This book was reviewed for the San Francisco Book Review
I absolutely love the pop culture and philosophy books! I find them a great way to make philosophic concepts far more accessible to the everyday person, and to open minds to different ways of thinking.
This book, focusing on Veronica Roth’s haunting dystopic trilogy, is divided into five sections, each with several essays. They usher us through the Divergent trilogy, taking a good hard look at the faction values, the ethics behind the experiments, what it means to be ‘divergent’ in this world and that one, and how we, as readers, can take the lessons offered in the series and apply it to our own life.
Are You Divergent- this first section had three essays. My favourite was the very first one, Drugging the Kids, which dealt with the issue of control. Everything about the faction system relates to control, and the scariest is the use of the various serums. You can see echoes of these ‘serums’ in today’s world, from actual drugs that dampen behaviour, to the rules of class and society, to the rampant ignorance and discrimination that rage around us daily. One need merely look at the US news, and the 2016 presidential race… Trump needs this book, or the memory serum… He is currently one of the biggest instigators of deadly psychological ‘serums’ of our world today.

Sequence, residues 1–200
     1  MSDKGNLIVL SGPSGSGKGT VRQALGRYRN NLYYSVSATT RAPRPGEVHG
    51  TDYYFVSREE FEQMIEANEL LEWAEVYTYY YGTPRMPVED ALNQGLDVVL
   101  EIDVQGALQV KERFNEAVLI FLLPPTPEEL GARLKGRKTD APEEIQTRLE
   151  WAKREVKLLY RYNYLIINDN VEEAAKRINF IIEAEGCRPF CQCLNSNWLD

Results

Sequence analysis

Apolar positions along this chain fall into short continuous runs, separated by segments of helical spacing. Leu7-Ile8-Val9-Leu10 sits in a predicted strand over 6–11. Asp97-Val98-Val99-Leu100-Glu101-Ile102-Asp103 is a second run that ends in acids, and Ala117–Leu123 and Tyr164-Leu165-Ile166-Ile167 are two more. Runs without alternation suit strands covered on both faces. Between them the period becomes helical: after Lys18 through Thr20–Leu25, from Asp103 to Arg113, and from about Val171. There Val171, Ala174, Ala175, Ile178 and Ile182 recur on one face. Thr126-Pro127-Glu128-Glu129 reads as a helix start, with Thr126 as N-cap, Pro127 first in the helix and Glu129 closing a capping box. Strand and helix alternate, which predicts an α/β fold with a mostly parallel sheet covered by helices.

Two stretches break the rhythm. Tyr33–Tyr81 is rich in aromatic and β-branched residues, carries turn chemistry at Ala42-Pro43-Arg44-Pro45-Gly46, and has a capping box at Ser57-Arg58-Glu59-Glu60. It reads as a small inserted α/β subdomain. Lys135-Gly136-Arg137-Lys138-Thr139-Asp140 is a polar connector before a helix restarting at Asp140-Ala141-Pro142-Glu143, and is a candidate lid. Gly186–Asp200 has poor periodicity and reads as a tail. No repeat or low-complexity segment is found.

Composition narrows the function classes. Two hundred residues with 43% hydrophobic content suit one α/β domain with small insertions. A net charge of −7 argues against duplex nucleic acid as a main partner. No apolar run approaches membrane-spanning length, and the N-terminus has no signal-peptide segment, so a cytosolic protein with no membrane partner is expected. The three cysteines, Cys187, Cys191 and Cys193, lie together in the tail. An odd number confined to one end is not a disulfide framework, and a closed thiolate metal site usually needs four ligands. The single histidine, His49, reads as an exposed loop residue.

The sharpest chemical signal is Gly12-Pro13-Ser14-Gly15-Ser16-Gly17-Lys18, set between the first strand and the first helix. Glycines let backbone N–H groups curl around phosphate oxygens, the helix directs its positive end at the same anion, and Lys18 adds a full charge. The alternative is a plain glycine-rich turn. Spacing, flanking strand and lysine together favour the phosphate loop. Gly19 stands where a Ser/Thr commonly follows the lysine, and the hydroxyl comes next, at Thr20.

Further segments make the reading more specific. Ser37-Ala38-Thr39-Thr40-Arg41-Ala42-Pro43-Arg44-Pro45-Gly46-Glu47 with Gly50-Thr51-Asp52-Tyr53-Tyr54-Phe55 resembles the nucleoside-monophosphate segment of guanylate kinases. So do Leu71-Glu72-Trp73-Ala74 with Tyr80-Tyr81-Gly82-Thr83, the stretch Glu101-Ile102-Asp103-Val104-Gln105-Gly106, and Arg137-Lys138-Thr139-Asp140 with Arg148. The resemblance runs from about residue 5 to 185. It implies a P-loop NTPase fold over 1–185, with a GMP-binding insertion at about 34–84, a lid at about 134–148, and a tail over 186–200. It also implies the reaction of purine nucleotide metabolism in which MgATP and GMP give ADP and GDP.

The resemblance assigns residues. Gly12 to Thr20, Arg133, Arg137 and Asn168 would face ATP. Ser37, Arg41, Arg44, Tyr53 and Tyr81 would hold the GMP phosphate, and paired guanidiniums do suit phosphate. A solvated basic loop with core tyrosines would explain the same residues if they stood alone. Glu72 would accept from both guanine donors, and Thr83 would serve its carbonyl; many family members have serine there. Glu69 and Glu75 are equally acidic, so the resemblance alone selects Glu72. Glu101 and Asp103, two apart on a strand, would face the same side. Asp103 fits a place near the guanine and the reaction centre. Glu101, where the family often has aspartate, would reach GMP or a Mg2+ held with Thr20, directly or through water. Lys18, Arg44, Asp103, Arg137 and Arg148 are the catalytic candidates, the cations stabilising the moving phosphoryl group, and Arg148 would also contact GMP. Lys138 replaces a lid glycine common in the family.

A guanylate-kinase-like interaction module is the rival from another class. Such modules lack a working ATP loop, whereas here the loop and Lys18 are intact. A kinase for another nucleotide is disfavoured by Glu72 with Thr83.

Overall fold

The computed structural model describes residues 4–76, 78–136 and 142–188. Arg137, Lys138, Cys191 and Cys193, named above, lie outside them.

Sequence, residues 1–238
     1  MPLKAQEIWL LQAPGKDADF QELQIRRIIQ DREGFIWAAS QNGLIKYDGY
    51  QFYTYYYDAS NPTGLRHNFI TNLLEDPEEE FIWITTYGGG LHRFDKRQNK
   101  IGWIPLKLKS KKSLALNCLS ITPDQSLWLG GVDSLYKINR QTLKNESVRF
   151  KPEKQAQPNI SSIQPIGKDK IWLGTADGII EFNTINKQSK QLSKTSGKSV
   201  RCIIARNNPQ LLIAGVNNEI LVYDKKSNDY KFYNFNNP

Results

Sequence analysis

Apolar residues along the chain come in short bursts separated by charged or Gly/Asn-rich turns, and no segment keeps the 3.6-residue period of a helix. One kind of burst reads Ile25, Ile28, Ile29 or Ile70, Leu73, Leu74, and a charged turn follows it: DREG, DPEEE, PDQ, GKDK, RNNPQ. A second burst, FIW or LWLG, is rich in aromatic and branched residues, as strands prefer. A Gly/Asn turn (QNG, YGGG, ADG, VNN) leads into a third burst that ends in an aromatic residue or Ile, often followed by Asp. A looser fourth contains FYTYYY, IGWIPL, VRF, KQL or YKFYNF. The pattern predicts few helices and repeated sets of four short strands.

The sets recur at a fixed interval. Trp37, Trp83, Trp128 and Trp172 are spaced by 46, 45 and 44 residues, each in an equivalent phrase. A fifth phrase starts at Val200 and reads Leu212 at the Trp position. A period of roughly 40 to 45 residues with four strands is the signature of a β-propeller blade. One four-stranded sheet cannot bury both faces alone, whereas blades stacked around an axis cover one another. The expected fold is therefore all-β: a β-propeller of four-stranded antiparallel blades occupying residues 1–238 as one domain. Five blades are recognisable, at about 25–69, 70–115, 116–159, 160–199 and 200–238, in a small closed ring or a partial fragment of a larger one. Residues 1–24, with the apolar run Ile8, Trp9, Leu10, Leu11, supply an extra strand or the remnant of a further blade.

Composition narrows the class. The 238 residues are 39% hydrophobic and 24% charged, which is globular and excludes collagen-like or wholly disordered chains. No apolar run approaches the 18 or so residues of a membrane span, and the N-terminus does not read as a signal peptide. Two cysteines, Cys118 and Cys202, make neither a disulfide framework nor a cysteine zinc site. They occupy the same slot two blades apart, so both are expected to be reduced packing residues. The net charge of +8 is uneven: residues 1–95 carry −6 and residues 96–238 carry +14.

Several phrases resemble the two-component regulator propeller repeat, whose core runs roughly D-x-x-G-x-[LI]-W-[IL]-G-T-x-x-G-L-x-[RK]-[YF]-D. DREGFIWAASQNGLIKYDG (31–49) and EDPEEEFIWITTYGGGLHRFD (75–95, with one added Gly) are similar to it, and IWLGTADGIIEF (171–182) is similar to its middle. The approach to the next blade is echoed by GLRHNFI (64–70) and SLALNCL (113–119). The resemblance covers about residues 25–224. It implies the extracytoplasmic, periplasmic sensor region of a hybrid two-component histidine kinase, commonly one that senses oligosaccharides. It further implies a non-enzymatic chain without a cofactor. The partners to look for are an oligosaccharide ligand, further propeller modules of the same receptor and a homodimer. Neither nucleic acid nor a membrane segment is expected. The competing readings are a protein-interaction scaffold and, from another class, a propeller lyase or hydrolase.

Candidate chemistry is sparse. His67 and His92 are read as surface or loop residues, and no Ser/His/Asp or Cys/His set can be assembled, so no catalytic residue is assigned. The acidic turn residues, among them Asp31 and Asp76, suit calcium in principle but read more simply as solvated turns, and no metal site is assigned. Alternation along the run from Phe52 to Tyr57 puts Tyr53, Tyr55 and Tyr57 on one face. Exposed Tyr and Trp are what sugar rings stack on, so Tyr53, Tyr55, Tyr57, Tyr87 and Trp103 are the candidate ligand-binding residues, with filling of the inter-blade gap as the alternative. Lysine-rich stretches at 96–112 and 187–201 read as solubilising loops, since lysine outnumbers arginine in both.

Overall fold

How to Make Everyone Less Evil- this section is fairly self-explanatory. There are three essays that delve into the nature of ‘evil’ (I dislike this word as seeming too harshly judgemental), and how it can be counteracted with compassion.
Today We Choose- this section is the first to begin looking in-depth at the individual factions, assessing both the good, and the bad. Plato’s Chicago kicks things off with a nice comparison of Plato’s Republic with the the city of Chicago. Amity is delved into next, and we follow up with Should We Execute the Erudite, comparing metaphorically with how we treat education in our society today.
Wisdom Before Faction- takes a look at Abnegation, Dauntless, Erudite, and Candor, exposing the flaws and virtues of each.
Know Thy Faction, Know Thy Self- this last section takes a look at family ties versus faction ties, how to handle discovering you are living a lie, the value of values, and the dangers of said values if rigidly followed. It also looks at how to wisely choose, and operate within, the values most suited to your temperament and personality, and how to mesh those values seamlessly. I love that it points out that, though ‘divergent’ to the factions because of their abilities to merge those faction values, the Divergent are in truth Convergent. They are the whole, reflecting the shattered factions.
If you are a fan of Roth’s Divergent series, or you enjoy pondering deep philosophical thoughts, be sure to check out Divergent and Philosophy!